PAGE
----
The Supreme Court on Wednesday granted bail to 21 members of the Popular Front of India (PFI), from Mangaluru accused of indulging in violence on December 19 last year during anti-CAA protests. Two people were killed in firing by the police on that day, which a fact-finding report had described as ‘premeditated’ and ‘selective targeting of Muslims’.
The accused PFI members had already been granted bail by the Karnataka High Court on February 17. However, the apex court stayed this order on March 6 on an appeal filed by the State Government.
In their plea, the accused persons contended that they were involved in peaceful protests but the police had resorted to the firing leading to the death of two persons. They submitted they have been in custody for more than seven months since December 22, 2019. The police, they said, had already filed a charge sheet and hence they were not required for investigations anymore.
While considering an application for interim bail, a three-judge bench led by Chief Justice S A Bobde proceeded to order the release of all accused.
SC said in its order: “Having regard to the observation of the High Court that it was not possible to prima facie determine the presence of the accused persons at the spot, and without treating the said observation as final finding of the fact, we consider it appropriate to direct that the applicants be released on bail on furnishing bail bonds of Rs 25,000 each to the satisfaction of the trial court pending trial…”. The court also asked them to report to the nearest police station “every alternative Monday” and to ensure that they “do not participate in any violent activities/meetings”.
While granting them bail, HC Justice John Michael Cunha made several adverse remarks against the investigation and police in the order. The order stated, “The material collected by the investigating agency does not contain any specific evidence as to the presence of any one of the petitioners at the spot.”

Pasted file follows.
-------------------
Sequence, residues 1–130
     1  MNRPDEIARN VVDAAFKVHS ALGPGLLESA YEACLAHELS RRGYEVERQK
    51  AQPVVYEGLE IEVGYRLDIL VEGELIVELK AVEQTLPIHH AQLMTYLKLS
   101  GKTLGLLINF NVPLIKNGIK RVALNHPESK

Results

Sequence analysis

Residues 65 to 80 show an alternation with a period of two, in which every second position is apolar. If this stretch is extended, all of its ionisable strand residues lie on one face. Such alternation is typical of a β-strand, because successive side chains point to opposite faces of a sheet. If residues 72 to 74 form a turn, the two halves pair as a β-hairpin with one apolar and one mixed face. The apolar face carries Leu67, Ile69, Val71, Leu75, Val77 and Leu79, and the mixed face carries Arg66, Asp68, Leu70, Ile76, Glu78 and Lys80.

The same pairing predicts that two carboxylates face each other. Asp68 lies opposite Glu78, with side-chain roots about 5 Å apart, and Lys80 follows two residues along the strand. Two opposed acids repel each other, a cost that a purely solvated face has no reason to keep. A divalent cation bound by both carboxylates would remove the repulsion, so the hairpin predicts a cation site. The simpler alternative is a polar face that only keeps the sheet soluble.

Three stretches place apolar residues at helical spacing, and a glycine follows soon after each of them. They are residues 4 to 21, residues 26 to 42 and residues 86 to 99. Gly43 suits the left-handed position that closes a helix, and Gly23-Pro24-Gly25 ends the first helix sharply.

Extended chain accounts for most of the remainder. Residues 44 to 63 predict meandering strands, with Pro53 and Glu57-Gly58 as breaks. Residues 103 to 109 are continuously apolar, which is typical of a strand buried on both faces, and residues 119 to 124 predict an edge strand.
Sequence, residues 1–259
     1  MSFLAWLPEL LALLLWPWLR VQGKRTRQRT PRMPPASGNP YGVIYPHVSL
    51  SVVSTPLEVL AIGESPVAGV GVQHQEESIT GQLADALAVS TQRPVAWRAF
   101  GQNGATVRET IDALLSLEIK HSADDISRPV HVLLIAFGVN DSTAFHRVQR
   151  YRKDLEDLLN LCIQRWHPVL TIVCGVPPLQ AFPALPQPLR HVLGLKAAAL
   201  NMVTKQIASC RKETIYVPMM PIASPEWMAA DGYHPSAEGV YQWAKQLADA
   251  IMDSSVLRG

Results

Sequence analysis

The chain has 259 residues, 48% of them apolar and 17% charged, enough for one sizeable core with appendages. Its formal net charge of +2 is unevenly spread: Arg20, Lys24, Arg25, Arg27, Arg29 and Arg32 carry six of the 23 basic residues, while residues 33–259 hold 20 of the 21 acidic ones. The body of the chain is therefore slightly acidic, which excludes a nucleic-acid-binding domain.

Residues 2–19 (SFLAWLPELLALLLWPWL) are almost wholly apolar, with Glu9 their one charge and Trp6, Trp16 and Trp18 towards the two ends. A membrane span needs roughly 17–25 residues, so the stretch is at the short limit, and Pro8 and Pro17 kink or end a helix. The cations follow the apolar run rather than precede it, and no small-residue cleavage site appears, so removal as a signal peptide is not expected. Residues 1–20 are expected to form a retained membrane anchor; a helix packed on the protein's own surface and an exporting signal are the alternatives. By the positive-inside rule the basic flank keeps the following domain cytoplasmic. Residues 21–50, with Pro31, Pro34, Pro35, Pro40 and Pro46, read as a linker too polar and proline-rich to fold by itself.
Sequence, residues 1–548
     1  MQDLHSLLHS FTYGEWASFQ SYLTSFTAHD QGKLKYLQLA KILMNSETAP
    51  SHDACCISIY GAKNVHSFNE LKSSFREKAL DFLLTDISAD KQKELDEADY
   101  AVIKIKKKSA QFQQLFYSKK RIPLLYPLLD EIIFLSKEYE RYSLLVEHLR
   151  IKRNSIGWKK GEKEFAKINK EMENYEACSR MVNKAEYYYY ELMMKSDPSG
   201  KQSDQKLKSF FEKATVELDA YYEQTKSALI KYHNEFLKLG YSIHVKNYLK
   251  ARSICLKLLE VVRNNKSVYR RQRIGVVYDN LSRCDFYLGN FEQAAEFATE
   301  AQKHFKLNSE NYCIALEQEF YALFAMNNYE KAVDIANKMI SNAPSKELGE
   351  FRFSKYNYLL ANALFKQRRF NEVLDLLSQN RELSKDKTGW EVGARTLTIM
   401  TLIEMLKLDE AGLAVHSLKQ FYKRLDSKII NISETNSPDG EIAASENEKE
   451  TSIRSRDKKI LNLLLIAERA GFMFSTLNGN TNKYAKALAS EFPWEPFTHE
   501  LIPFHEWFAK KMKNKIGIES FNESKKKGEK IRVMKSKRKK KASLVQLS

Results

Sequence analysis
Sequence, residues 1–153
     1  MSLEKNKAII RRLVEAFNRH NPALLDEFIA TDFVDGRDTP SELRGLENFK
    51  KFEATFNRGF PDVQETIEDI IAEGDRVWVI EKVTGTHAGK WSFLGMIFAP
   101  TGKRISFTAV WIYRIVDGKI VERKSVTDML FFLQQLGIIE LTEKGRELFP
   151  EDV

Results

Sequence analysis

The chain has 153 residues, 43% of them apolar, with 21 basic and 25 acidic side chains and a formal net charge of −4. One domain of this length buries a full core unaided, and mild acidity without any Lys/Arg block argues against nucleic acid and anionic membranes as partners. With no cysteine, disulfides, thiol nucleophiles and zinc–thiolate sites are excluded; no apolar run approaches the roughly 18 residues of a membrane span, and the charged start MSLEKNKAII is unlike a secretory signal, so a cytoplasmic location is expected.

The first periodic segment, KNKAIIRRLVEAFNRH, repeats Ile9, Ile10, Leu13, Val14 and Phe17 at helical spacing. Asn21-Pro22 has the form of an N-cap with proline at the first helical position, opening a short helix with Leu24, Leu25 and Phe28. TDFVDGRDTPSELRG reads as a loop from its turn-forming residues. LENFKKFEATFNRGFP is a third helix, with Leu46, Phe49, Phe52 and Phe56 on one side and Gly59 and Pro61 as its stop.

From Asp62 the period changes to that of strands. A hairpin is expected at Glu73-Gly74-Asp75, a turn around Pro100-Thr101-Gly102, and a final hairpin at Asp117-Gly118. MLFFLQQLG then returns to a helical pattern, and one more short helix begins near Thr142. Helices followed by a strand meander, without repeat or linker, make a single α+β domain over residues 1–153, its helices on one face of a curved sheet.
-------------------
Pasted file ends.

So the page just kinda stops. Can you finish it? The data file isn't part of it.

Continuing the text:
It said, “In an offence involving a large number of accused, identity and participation of each accused must be fixed with reasonable certainty. In the present cases, a perusal of…records indicate that the identity of the accused…appear to have been fixed on the basis of their affiliation to PFI, and they being members of the Muslim community.”
The state contested the HC order, saying it “has not considered the clear evidence produced by the prosecution”.
Anti Citizenship Act (CAA) demonstrators across India carried out peaceful protests as anger swelled against the highly sectarian and anti-Constitutional Citizenship Amendment Act and National Register of Citizens (NRC). The BJP-ruled Karnataka government had clamped prohibitory orders under Section 144 in Mangaluru and other parts of the state, to prevent protests against the act. However, on December 19, hundreds of protestors gathered at various parts of Mangaluru defying the ban to protest against CAA.
A fact-finding report from January involving representatives of the People’s Union for Civil Liberties (PUCL) All India People’s Forum (AIPF) and National Confederation of Human Rights Organisations (NCHRO), stated that the police action on anti-CAA and NRC protesters in Mangaluru on December 19 in which two persons were killed was ‘premeditated’ and ‘selectively targeted Muslims’.
The interim report by the prominent human rights groups said that the police selectively attacked Muslims, targeted shops belonging to the community and even attacked a mosque, where prayers were going on.
Videos from the protests area showed police personnel firing at the protestors and using tear gas and brute force to disperse the crowd. Two people, Jaleel Kudroli (42) and Nausheen Bengre (23) were killed in the police firing.